China far ahead of India in all aspects
By Khalid Hasan
WASHINGTON: Critical differences between India and China have been minimised by those making long-term projections, in the process ignoring the fact that power equations between the two are extremely lopsided in favour of China, according to a US analyst.
In recent testimony before the House Committee on International Relations, Dr Francine R Frankel, director of the Centre for the Advanced Study of India at the University of Pennsylvania, pointed out that China’s GDP growth in the last 20 years had averaged 9.4 percent, compared with India’s record six percent. However, the Indian growth has relied disproportionately on IT-based services. India’s per capita income in 2003 was less than half that of China - $1,100 as against $530.
She questions India’s “claim to destiny” as a great power, considering that it has never been unified as a single state even during periods of great empires. However, the idea of India’s global role has met disappointment in the last 50 years because of a number of factors. The creation of Pakistan robbed India of its geo-strategic position. During the Cold War, the US being suspicious of India’s non-aligned policy, found in Pakistan an ally. The 1954 US-Pakistan treaty was seen in New Delhi as a US attempt to build up Pakistan and build down India. The 1962 war with China ended with a humiliating Indian defeat; it also established Chinese control over Aksai Chin. The dismemberment of Pakistan in 1971 by India, aided by the Soviet Union, was viewed in Beijing as a strategy to encircle China. The “all weather friendship” between China and Pakistan is a major factor in the persisting lack of trust characterising India’s attitude towards China, even while other aspects of the relationship have improved.
Dr Frankel said the emergence of India as a de facto nuclear weapons state has greatly enhanced the confidence of policymakers in New Delhi who want India to play a bigger role in the world. India’s global competitiveness in some sectors has provided a critical psychological boost to the country. A more confident India has been willing to engage the US on equal terms and to insist on this equality in bilateral relations. While both the US and India have tried to avoid the perception that their closer bilateral relations are not anti-China, they continue to view China with suspicion. Compared with China, India is in a much weaker economic position. She maintains that both Washington and New Delhi are still assessing the latest agreement between China and Pakistan to start joint production of a new fighter aircraft for the Pakistan Air Force with a supply of 150 aircraft to begin in 2007. This could change the strategic balance between India and Pakistan.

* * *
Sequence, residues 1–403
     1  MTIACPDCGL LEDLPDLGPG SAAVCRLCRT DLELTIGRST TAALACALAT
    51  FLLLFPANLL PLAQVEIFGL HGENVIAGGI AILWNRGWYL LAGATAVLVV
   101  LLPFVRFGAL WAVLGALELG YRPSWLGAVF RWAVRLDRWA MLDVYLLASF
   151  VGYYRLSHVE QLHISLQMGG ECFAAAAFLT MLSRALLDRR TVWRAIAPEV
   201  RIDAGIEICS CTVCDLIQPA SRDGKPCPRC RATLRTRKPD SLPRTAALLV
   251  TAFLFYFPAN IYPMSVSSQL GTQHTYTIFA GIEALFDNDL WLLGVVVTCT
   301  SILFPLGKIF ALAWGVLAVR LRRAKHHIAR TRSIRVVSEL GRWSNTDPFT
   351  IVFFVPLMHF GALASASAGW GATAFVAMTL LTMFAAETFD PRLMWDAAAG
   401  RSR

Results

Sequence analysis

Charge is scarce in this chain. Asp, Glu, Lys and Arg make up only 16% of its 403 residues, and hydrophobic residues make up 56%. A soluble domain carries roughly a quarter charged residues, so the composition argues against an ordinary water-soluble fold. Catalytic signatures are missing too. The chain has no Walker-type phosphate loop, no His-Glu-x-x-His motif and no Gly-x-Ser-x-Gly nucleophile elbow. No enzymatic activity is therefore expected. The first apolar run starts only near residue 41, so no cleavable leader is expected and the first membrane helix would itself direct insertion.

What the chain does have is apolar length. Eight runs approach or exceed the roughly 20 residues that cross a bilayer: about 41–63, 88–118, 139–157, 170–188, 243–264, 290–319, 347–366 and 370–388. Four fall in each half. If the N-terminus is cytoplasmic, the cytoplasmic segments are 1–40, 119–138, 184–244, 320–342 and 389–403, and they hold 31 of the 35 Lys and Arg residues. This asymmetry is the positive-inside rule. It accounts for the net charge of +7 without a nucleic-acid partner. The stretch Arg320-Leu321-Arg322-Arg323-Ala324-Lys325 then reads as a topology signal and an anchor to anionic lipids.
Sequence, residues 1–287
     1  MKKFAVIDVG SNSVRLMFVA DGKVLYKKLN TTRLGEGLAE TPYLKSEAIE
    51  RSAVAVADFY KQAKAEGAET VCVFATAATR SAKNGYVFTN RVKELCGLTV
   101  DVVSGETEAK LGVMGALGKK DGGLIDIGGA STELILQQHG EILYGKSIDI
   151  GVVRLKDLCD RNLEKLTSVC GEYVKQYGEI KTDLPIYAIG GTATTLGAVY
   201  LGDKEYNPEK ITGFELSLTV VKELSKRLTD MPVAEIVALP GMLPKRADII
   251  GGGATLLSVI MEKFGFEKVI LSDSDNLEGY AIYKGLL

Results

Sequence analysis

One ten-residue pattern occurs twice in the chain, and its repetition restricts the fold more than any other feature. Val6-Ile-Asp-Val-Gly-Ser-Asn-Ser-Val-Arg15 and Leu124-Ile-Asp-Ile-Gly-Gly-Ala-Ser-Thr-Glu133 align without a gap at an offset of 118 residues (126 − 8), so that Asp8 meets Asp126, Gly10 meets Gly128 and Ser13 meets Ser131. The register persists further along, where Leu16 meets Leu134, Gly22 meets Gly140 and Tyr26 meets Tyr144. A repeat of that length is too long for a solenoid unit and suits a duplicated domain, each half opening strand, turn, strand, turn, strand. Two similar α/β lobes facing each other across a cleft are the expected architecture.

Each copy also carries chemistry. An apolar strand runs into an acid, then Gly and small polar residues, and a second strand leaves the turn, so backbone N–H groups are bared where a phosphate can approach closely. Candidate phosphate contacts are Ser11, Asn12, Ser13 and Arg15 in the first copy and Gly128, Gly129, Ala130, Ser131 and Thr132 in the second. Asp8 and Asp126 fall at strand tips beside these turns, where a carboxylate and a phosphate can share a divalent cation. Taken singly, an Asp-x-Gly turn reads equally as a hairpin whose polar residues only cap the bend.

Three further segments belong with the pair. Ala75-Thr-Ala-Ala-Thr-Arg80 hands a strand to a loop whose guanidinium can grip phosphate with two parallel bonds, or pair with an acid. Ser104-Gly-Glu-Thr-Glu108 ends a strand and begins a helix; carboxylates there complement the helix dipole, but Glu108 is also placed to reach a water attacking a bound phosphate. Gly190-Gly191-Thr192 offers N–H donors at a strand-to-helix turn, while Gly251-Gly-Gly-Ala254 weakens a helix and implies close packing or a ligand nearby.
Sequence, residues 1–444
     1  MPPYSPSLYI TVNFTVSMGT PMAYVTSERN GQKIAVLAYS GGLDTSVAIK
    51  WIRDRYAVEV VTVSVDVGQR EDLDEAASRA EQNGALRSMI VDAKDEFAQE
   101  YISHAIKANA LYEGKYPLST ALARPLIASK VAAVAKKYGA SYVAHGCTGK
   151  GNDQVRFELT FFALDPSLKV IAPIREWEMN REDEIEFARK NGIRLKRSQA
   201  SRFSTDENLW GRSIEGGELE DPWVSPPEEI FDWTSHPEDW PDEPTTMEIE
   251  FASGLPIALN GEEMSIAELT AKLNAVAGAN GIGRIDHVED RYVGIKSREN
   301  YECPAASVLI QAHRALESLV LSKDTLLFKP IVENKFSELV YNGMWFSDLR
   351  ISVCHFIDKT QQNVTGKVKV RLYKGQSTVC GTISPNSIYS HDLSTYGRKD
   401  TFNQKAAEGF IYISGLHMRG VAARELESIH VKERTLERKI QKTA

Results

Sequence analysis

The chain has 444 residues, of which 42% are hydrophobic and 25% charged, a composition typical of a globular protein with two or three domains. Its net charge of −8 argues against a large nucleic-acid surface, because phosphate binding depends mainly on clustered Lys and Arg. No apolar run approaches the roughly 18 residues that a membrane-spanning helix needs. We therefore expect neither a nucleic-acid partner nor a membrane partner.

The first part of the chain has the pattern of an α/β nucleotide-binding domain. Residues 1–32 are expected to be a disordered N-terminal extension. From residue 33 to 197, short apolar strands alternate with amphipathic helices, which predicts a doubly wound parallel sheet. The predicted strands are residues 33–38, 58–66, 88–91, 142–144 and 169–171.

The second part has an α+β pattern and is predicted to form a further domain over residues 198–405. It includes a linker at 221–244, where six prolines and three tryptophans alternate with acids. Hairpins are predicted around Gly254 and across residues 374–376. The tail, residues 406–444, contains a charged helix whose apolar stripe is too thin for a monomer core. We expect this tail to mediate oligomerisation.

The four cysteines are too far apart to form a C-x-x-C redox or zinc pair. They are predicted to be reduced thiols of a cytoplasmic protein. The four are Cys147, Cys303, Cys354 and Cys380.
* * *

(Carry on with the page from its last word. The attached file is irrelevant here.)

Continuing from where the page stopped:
She argued that Indian and American interests overlap in a number of areas, including Afghanistan where India is engaged in training skilled workers and has given Kabul $500 million in aid. Pakistan is also trying to regain its influence in the country. The question is whether the US will extend its rationale for support to Pakistan in routing out terrorists to side with Pakistani demands and pressure India to hold back from projecting its influence into Afghanistan. “The worst case for India is that the US will withdraw its troops and make a clean exit after elections,” she adds. In Iraq, where India and the US have had differences, now New Delhi looks forward to a Shia-dominated regime. Given its large number of Shias, India does not want to see Sunnis, who are dominant in Pakistan, to capture power in Iraq. If the US fails in Iraq, it will unleash a fundamentalist wave in the region which India fears. There is also divergence between India and the US on Iran on the question of the gas pipeline. New Delhi sees Washington’s opposition to the project as interference in its affairs. Overall, India sees the US as an Asian power whose presence in the region is to New Delhi’s benefit.
Dr Frankel told the committee that cooperation in civilian nuclear energy and space between the US and India has been interpreted as a de factor recognition of India as a nuclear power. In India, despite dissenting voices, the most dramatic change from the past is the wide spectrum of support the alliance with the US enjoys. She said, “The goal for India is not an alliance against China, but an opportunity, with US assistance, to sustain an eight percent economic growth over one or two decades so that India can resolve its poverty and unemployment problems and be truly independent,” she stated.